Европа XVI-XVII вв
Stretching from the end of the Middle Ages to the Second Industrial Revolution (c. 1500-1900), the authors in this volume analyze spiritual kinship in Europe and its associated social customs - with special attention given to godparenthood. These customs had great importance for Early Modern and Modern European societies, and this collection represents an interdisciplinary effort to combine the work of social and economic historians, historical demographers, anthropologists and sociologists. Arranged chronologically and geographically, chapters cover specific areas of the European continent, from the Mediterranean to Scandinavia and Eastern Europe. Reconstructing changes in theological thought about spiritual kinship, particularly before and after the Reformation, and comparing Catholic, Protestant and Orthodox views and practices, Spiritual Kinship in Europe provides a comprehensive picture of how social practices and religious ideas related to spiritual kinship and godparenthood.
The various aspects of the relationship between Russia and the United States, Russia and countries of the European Union in the context of the Syrian crisis are analyzed. The role of international institutions (UN, NATO, EU) in conflict transformation process examined. Particular attention is paid to the prospects of cooperation between Russia and the West to repel the threat posed by the ISIL.
The magazine analyses processes, defining the present and future of European continent, the perspectives of the European project, in the circumstances of geopolitical uncertainty, the evolution of a modern system of European security, exacerbating external and internal contradictions, military-political and economic problems in Transatlantic relations.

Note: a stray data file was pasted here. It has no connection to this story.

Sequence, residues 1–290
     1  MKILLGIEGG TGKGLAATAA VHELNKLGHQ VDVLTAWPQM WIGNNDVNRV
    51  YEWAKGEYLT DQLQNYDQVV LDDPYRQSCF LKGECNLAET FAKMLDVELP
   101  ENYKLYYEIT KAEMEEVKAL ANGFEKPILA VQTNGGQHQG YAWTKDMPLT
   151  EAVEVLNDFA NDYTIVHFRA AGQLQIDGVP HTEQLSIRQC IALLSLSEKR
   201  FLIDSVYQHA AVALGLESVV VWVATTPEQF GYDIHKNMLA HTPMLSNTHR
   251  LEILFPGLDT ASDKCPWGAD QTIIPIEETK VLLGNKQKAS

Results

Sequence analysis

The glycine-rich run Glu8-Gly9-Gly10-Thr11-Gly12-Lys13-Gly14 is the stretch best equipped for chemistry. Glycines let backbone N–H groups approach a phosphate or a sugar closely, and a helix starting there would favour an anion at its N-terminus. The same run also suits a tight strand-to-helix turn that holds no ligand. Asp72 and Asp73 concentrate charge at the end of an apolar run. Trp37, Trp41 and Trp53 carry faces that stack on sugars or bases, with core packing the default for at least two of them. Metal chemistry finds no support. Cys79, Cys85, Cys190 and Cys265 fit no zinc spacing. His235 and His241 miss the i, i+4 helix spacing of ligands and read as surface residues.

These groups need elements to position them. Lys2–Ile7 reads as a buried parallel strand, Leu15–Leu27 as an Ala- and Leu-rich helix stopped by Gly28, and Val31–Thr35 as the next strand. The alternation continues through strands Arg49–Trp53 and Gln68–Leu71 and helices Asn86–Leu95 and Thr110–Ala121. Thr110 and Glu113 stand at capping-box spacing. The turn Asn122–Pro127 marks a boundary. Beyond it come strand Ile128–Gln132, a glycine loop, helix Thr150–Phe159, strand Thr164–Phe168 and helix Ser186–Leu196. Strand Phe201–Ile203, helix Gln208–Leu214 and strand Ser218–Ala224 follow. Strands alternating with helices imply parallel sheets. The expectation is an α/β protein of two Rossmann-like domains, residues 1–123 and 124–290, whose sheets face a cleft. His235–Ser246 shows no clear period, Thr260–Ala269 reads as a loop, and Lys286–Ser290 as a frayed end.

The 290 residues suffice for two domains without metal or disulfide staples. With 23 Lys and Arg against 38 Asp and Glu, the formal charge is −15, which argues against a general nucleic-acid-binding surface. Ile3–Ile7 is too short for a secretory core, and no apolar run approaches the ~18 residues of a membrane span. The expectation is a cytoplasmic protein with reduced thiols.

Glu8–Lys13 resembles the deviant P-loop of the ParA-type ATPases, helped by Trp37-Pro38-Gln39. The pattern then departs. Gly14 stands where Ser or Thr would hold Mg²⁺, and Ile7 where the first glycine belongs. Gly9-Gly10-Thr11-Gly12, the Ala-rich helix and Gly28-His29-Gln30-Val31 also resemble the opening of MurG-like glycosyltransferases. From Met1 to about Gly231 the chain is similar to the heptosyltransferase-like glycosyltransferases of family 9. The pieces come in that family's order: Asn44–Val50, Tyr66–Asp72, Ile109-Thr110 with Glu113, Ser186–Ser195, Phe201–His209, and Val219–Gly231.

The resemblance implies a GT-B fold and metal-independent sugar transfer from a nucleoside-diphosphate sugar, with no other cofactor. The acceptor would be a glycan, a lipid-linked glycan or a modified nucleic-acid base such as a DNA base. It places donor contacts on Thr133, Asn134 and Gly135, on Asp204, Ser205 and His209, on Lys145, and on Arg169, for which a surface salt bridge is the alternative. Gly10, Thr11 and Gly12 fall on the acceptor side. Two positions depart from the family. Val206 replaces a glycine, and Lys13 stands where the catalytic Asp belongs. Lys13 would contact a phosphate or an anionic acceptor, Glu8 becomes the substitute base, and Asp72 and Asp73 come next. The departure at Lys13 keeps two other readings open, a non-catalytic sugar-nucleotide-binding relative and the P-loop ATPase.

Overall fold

European countries are culturally close, still showing great variance in political participation rates as well as in predominant religions and state-church relations experience, what makes this region a good case for comparative research. Given this, it becomes important to study if members of different confessions differ in political participation rates, or the main cleavage lies between religious and non-religious people regardless of religious tradition? Does Orthodoxy really lead to lower levels of political participation or what we see is the effect of political regime or Communist legacy? Statistical analysis results suggest that regular attendance of religious services and praying does increase chances to participate in politics. This pattern holds for followers of all major European religious traditions and in countries with different predominant religions. On the other hand, most inter-confessional differences in political participation appear weak and unstable, while both belonging to an Orthodox religious tradition and living in a predominantly Orthodox state exert a stable and negative effect on political participation. Additional tests suggest that there is no difference in political participation between Orthodox Christians from predominantly Orthodox states and those where they form only a minority. Consequently, it is something in a religious tradition itself that decreases political participation.